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Broadcom launches line of 5G chips

The Irvine-based technology firm has developed a product line based on next-generation wireless

by Caitlin AdamsPublished: January 11, 2012 02:05 PM

Broadcom made a splash at the 2012 Consumer Electronics Show in Las Vegas this week, unveiling a new family of chips based on the 5th generation of WiFi. The 802.11ac engineering standard is the fifth generation of wireless-data exchange and a major advance over existing networks.

The new 802.11ac product line is expected to be up to three times faster and six times more power efficient than current 802.11n 4G WiFi networks. 5G WiFi will dramatically improve wireless range and speed, allowing users to download Web content faster, sync large files and watch HD-quality video from more devices, in more locations, simultaneously. Some high-speed 802.11ac technology will achieve data transmission speeds faster than 1 gigabits per second.

Michael Hurlston, senior vice president of Broadcom’s Mobile & Wireless Group, said the company is leading the way toward the future of the wireless industry.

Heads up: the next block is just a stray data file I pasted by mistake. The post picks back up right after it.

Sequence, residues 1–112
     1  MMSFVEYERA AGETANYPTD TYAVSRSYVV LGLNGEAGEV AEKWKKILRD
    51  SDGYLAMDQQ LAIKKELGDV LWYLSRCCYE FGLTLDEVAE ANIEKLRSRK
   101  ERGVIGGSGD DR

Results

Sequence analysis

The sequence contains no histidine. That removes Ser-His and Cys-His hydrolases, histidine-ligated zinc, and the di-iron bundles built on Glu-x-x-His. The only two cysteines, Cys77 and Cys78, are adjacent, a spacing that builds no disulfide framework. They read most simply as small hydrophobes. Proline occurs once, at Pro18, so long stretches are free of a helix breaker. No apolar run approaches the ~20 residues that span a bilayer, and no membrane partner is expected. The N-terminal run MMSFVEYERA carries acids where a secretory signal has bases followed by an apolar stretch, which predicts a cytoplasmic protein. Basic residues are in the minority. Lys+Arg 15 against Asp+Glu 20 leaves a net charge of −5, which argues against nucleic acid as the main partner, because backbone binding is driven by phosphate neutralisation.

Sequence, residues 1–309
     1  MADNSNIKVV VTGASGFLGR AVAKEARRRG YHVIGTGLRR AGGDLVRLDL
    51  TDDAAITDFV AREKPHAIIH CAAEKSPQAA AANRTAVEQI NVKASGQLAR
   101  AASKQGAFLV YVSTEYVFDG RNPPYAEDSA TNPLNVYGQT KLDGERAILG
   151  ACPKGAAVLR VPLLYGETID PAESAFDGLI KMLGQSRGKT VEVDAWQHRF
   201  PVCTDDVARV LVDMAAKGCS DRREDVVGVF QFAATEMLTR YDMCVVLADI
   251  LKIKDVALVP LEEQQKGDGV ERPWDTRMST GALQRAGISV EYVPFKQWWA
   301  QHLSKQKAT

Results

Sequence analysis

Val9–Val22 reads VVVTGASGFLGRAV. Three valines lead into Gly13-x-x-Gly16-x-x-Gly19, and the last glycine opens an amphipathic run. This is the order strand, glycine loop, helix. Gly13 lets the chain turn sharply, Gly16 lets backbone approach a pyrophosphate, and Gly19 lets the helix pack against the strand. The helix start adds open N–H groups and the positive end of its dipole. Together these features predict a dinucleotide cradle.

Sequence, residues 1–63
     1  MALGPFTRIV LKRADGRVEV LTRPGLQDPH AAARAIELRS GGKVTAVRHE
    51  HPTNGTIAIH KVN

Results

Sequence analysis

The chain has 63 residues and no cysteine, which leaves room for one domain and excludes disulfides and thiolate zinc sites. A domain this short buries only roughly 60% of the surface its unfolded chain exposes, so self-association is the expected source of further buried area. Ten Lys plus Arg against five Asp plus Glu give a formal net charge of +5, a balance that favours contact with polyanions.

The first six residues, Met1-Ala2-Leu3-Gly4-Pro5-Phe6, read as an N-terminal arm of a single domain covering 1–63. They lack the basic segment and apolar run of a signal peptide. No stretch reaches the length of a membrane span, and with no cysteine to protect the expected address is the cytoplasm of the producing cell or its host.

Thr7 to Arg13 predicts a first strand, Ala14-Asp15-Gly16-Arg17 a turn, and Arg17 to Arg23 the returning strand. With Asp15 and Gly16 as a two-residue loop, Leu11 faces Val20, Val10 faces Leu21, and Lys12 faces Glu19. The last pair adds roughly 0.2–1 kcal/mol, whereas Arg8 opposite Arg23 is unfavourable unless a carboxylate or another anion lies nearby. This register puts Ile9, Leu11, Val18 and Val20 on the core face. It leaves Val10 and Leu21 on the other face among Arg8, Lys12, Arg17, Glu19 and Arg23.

"The exponential growth of digital media and wirelessly connected devices requires faster and more reliable ways to connect anytime, anywhere. 5G WiFi solves this media explosion challenge. Broadcom's vast footprint in consumer electronics devices uniquely positions us to lead the transition to the next generation of WiFi."

Representatives from Broadcom say that over the next three to four years, nearly all WiFi devices and products will be built to the 802.11ac 5G wireless standard, just as they currently meet 4G wireless standards today. Technology industry reports indicate that digital content consumption is on the rises, with video content at the top of the list of consumer traffic. Video content is expected to reach 90 percent of global consumer traffic by 2015, according to Cisco’s Visual Networking Index Forecast.

Mark Hung, research director for wireless at Gartner Research, said that 802.11ac will be one of the most influential mobile and wireless technologies in the years to come.

"WiFi-enabled devices will grow from less than 1 billion units in 2010 to more than 3 billion in 2015 [according to market trend and future growth studies performed by Gartner Research],” Hung said. “Given the current constraints of legacy 802.11 standards and the increased speed, capacity, coverage and battery life that 802.11ac offers, this next generation of WiFi is poised for rapid growth across all product segments.”

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